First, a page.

Building A Great Product is Really Hard — A Note to First Time Founders
For many first time founders, their biggest challenge is underestimating how much thought must go in to building a phenomenally simple product.
The pursuit of simplicity is a complicated endeavor.
The only apps they’ve ever used are those built by enormous companies (unicorns, decicorns, or dragons, if you will) that employ talented product, design, user experience and development teams.
As users we complain when Facebook’s app is a bit slow or when Twitter occassinally crashes on our phone. These are public companies that have been working on their products for years — they serve as proof that at any scale building a simple, elegant and “easy-to-use” application is difficult.
Yet the app that comes to everyone’s mind before they get ready to build their product is “Uber” and they think: “well, why can’t my app be just as simple? I just want someone to click the most obvious button on the screen to make the most obvious thing happen.”
And here come the problems:
(1) Development firms talk to clients and in trying to make the sale say “of course we can build an app as simple as Uber — building a couple of screens with a ‘buy now’ button isn’t hard at all.” These firms aren’t lying, building a couple of screens with a “buy” button really isn’t difficult — but they know like any other firm that build many products that the process of pairing down to that level of simplicity is a daunting and complicated one.
They don’t set expectations appropriately because they have to compete with everyone else who is also saying the product will be a really easy one to build.
(2) Feature Creep: “My app will only let users do this one thing — they’ll open the screen and just click one button, and it’ll happen.” As soon as I hear this I’m pretty convinced our firm should not get involved with a company. There is just too much of a learning process that the founder will have to go through if they think it’s going to be that easy.
What happens if something goes wrong? For Uber, what happens if a car cancels? What happens if you cancel? What happens if your credit card has expired and you need to go into your profile and then re-enter your AMEX credentials? And then what happens if you enter those digits incorrectly?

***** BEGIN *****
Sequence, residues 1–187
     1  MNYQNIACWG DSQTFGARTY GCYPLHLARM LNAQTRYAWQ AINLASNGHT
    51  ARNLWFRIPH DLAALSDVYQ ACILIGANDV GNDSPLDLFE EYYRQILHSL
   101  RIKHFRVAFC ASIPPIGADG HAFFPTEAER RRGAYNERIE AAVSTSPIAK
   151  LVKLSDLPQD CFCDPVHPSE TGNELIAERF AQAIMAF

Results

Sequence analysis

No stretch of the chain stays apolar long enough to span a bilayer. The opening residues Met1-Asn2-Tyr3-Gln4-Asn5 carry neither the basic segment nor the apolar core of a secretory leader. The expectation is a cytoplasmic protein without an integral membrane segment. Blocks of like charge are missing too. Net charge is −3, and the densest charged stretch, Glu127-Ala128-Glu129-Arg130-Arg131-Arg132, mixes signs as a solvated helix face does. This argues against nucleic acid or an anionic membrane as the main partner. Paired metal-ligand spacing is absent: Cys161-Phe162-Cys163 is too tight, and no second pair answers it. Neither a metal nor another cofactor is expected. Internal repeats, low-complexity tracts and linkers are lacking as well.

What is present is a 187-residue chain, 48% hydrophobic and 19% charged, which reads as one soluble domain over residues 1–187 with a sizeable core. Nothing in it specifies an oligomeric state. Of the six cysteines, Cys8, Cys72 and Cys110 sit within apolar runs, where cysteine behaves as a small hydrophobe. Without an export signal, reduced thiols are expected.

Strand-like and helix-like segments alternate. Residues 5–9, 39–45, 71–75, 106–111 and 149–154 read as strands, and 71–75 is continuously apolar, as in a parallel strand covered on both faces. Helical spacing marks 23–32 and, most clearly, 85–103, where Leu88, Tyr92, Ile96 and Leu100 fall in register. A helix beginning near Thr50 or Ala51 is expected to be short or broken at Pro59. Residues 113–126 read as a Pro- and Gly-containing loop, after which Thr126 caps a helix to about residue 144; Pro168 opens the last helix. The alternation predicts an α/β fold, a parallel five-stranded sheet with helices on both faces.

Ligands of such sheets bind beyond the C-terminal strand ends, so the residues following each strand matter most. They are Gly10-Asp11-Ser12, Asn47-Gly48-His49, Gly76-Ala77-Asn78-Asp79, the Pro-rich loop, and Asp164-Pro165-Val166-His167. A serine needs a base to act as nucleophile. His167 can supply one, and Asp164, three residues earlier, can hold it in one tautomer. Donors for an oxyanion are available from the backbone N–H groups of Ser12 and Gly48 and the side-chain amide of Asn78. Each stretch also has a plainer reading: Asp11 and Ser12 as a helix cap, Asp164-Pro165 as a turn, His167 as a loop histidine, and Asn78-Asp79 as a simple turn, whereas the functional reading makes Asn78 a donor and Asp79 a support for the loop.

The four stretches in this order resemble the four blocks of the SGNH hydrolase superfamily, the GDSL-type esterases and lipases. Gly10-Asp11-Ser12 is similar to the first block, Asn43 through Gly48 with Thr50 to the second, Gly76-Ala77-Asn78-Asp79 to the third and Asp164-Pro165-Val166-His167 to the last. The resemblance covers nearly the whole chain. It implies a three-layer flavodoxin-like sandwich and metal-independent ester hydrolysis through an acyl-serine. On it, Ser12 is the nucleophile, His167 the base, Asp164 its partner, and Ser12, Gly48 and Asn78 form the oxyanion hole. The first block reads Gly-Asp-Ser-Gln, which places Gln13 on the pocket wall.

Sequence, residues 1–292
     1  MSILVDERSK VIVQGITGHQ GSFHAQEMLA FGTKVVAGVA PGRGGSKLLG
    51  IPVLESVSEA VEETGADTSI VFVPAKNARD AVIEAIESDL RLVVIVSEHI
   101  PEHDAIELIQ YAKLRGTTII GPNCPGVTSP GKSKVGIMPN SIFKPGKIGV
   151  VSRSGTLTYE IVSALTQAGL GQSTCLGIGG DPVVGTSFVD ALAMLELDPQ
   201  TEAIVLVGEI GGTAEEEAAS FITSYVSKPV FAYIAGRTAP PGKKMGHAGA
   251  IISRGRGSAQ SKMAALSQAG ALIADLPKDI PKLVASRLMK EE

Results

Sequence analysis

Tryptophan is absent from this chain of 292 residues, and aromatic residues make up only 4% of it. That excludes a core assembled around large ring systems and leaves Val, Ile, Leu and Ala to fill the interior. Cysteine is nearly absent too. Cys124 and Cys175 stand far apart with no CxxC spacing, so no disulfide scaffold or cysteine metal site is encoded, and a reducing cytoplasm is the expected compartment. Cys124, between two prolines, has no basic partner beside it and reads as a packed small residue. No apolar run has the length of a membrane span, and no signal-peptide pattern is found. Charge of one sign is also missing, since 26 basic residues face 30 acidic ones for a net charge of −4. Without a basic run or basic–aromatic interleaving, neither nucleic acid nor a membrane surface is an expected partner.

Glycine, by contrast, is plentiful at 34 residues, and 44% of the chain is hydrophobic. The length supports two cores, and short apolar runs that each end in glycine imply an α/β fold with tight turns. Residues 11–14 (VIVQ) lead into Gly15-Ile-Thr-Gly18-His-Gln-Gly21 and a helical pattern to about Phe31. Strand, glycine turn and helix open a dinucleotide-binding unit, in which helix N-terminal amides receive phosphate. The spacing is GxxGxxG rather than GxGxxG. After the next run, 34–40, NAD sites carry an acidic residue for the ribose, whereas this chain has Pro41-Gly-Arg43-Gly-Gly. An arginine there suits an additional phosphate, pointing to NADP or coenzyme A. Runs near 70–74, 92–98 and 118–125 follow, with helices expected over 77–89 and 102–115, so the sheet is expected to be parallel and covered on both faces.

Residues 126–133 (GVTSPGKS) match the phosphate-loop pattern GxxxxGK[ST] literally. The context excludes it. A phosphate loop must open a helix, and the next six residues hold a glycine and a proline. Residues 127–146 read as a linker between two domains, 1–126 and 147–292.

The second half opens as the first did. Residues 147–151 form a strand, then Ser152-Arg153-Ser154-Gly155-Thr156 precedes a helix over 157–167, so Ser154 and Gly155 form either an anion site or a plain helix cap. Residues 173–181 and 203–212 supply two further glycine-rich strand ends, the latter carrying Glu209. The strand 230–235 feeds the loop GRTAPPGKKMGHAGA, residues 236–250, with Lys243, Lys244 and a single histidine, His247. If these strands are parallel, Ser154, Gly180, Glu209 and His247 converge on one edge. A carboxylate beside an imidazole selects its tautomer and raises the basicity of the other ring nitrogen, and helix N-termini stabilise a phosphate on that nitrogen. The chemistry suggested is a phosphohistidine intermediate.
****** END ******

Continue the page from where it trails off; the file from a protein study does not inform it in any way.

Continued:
And what has to be built to coordinate the drivers? What kind of rules do we need to implement to decide which driver gets to pick up the rider? “The first one who confirms!” You might say… but what if the first one that confirms is really far away, and has been with that passenger before and has gotten a bad rating from that same passenger?
And then of course there are other things any user should also be able to do. A founder will talk to their mom, their boyfriend, their startup friend who was really early at Facebook and knows everything and they’ll get new feature ideas mid-build.
They say “we must have this feature!” And then two weeks later wonder why the timeline for the final release has been pushed back? At this point the developer must explain the concept of chronology: “if you are going to ask for 2 things and they will take 2 weeks, if you ask for a third thing, it will take a third week.
(3) Perhaps the biggest advantage engineers have in getting a product out to the market quickly is that their product ideas are inspired by “what is readily possible based on pre-existing technology?”
First time founders wonder why engineers can push out an app within a weekend hackathon, and yet are dumbfounded when their team says it’ll take over a month to code the app they’d like built.
The reason is that in a hackathon developers are using libraries that seriously restrict what functionality they can build going forward (they don’t care, of course, it’ll get rebuilt anyways and just needs to be done by Sunday later afternoon).
And those engineers are using a parse backend (which you can’t use cause it gets expensive as you scale) and they are using dummy data (which you can’t do because you actually need to deal with live user data).
So suddenly it’s taken you three weeks to figure out what actually needs to get built, you’re frustrated, your developers are already behind schedule and have been billing you this whole time and not a single line of code is written. How could this be? Do they suck?
You talk to your developer friend who laughs and says he/she could have built the app in a week. What that developer friend is not telling you is that her ability to build the app so quickly is (1) a lie (2) doesn’t include QA and (3) Is only sorta possible because you just went through a major learning curve and spent a ton of time actually deciding what you wanted to build.
Building a great product is really hard — not just from a technology perspective — perhaps that’s the easiest part. But even non-technical founders must be deeply engaged in the process. They must decide what user stories will exist, must go through every detail of every possible scenario — they must be rigorous in eliminating superfluous functionality not deemed necessary by perviously gathered user data.
And engineers/developers need to set expectations appropriately. We are a part of an unhealthy culture where “I can do this better and faster than anyone else” leads us to set expectations too high, target unrealistic timelines and frustrate the hell out of everyone.
I’m a big fan of lean startup, of build and push live quickly, etc. But sometimes we’re taking it way too far.